Texas Rangers unfurl franchise's first World Series championship banner

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Texas Rangers relief pitcher Josh Sborz, left, and manager Bruce Bochy, right, walk the Commissioner's Trophy onto the field before the team's baseball game against the Chicago Cubs, Thursday, March 28, 2024 in Arlington, Texas. (AP Photo/Gareth Patterson)

ARLINGTON, Texas – The Texas Rangers unfurled a World Series championship banner for the first time in franchise history before their season opener on Thursday night against the Chicago Cubs.

The banner was dropped from Globe Life Field’s roof support high above right field. Shortly before, the Commissioner’s Trophy was brought to home plate by manager Bruce Bochy and pitcher Josh Sborz, who recorded the final out in the clinching Game 5 against the Arizona Diamondbacks in November.

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“I want to thank you for your tremendous support,” Bochy told the fans.

Championship rings will be presented before the series’ second game on Saturday night.

“Talking to players, I told them to take this in,” said Bochy, who previously managed three World Series winners while with the San Francisco Giants. “Savor it. Not just tonight but the next game when you get the rings. Soak it in because it’s so hard to do.”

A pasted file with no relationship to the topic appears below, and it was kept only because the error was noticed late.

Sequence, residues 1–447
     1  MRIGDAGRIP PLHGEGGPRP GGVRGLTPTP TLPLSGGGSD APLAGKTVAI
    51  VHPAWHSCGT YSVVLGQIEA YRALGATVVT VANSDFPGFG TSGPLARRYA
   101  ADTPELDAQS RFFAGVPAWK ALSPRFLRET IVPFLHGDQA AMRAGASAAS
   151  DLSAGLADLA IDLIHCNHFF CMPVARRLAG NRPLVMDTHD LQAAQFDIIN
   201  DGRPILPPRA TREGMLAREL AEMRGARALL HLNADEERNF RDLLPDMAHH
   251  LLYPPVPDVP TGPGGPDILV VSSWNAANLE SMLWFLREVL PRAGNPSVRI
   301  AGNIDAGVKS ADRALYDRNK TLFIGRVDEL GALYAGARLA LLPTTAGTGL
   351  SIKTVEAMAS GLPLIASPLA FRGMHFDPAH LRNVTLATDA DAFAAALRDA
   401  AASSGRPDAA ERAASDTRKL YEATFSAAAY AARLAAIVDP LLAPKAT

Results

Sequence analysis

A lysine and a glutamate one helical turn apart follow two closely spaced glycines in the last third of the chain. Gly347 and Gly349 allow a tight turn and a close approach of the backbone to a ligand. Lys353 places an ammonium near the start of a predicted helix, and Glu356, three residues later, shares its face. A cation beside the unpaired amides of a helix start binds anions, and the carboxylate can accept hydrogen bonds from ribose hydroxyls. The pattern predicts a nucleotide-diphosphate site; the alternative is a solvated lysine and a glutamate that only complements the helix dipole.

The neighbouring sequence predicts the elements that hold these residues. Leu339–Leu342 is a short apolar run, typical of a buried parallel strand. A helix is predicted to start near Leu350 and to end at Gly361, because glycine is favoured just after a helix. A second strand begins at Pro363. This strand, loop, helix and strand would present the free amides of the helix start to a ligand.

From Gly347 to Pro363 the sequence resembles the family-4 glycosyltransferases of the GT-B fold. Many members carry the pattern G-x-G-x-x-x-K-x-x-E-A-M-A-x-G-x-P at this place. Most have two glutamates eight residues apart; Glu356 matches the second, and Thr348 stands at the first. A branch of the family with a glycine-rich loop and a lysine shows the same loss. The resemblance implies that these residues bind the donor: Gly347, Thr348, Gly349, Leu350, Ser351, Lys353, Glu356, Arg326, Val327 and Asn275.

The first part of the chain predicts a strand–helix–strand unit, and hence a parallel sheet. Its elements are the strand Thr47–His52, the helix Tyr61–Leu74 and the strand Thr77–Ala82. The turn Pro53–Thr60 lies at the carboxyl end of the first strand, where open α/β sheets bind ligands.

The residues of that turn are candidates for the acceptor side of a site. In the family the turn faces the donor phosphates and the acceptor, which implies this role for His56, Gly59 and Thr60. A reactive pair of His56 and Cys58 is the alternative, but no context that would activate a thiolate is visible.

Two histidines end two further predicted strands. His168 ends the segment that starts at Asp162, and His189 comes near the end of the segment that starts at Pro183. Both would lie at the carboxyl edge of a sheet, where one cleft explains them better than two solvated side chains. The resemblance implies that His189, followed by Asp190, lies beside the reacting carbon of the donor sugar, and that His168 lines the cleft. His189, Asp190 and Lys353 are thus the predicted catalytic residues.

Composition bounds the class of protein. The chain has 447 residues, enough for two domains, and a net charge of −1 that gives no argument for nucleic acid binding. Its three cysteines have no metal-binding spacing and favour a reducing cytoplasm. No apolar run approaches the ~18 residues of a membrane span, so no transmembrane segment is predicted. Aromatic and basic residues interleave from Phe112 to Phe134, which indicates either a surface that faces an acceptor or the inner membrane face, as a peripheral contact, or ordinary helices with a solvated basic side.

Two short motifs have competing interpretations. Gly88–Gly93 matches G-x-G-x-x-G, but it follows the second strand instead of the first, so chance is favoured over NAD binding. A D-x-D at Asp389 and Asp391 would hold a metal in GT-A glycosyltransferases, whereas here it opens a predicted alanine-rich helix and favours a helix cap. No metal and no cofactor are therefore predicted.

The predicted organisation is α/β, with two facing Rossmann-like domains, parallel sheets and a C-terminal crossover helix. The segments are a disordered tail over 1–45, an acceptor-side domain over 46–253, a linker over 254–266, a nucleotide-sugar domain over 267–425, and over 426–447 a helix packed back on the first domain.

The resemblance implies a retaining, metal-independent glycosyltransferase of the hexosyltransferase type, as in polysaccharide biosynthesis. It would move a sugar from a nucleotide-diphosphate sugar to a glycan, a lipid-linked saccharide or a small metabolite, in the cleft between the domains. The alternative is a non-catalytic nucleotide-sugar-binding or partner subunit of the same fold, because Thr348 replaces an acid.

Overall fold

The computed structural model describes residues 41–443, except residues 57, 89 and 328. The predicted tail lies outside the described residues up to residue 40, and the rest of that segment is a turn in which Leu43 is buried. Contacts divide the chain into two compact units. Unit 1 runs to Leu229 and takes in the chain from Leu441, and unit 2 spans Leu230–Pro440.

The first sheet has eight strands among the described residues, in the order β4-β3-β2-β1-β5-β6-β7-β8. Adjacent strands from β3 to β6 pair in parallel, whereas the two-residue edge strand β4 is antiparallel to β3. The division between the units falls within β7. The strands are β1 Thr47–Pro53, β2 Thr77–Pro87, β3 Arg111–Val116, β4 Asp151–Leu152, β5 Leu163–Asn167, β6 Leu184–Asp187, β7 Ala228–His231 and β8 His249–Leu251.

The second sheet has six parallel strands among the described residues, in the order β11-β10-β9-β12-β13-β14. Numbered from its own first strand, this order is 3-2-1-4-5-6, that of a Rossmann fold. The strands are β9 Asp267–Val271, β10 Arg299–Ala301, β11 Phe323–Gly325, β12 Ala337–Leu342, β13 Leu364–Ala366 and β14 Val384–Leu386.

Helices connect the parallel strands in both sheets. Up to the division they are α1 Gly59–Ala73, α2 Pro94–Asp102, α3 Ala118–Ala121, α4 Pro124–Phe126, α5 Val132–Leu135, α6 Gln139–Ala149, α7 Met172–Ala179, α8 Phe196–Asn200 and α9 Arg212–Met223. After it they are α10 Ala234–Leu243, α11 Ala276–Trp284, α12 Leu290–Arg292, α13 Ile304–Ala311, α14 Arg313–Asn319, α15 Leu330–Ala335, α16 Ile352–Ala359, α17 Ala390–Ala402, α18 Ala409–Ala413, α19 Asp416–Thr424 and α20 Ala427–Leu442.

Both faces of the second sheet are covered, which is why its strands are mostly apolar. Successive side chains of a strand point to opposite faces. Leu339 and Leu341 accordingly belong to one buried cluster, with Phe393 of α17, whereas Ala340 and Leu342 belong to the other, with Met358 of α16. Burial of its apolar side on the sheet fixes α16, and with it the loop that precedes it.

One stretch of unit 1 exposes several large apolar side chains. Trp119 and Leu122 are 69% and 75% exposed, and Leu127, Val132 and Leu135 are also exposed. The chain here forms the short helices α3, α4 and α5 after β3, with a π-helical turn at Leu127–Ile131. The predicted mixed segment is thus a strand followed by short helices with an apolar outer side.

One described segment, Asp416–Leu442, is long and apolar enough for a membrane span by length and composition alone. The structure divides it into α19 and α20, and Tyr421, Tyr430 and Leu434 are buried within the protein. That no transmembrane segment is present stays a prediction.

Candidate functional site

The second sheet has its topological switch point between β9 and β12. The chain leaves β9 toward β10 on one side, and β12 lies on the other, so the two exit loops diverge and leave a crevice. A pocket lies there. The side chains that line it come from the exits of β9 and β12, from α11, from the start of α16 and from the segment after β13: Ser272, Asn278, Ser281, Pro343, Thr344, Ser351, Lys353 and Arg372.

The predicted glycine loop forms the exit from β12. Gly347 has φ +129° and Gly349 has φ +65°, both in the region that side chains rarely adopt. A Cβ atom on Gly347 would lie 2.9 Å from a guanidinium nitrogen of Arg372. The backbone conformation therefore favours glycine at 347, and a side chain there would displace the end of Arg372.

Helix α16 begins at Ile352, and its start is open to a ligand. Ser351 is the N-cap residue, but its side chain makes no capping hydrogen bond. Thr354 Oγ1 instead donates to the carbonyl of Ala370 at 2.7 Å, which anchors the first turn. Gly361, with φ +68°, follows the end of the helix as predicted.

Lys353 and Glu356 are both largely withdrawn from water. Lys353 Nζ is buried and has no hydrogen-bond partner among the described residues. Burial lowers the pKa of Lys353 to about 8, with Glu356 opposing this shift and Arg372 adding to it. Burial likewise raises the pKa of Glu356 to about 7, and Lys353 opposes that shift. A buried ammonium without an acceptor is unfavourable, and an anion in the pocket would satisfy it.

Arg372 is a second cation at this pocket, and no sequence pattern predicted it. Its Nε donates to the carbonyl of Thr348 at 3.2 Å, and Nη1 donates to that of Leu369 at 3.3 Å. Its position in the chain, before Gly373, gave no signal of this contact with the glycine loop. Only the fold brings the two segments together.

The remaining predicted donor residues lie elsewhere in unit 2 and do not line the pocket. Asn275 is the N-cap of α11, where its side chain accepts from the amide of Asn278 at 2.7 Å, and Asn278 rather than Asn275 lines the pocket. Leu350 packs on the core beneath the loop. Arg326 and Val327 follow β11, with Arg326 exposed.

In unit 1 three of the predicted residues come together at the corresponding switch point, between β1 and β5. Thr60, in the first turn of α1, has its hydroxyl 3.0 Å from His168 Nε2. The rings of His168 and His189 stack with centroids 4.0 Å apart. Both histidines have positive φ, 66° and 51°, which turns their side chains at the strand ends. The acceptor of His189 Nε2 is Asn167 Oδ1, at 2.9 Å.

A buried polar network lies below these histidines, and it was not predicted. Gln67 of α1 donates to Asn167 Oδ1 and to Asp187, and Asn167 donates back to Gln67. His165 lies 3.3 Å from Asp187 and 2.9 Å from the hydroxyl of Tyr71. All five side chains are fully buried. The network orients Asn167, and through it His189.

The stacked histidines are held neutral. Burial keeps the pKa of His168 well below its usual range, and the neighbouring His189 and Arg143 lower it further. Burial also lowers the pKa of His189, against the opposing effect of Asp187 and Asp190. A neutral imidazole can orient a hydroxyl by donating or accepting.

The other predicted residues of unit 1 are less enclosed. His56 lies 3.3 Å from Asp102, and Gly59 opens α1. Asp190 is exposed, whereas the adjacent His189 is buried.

The Rangers won their first championship in their 52nd season in Texas and 63rd overall for the franchise that began play in 1961 as the second iteration of the Washington Senators.

Texas lost in its two previous World Series appearances — in 2010 to Bochy’s Giants in five games and in 2011 to the St. Louis Cardinals in seven games after twice being one out from clinching the title in Game 6.

Rangers pitcher Max Scherzer was on the Washington Nationals’ championship team in 2019, but COVID-19 pandemic restrictions prevented fans from being present for the celebration in 2020. He said their ring ceremony was done by Zoom.

“I really want to enjoy it with the fans this time and soak in the moment,” Scherzer said.

Cubs manager Craig Counsell, who scored the run that gave the Florida Marlins the 1997 World Series crown, said of watching the ceremony from the opposing dugout: “You’re jealous of ’em. That’s the honesty.”


AP MLB: https://apnews.com/hub/mlb

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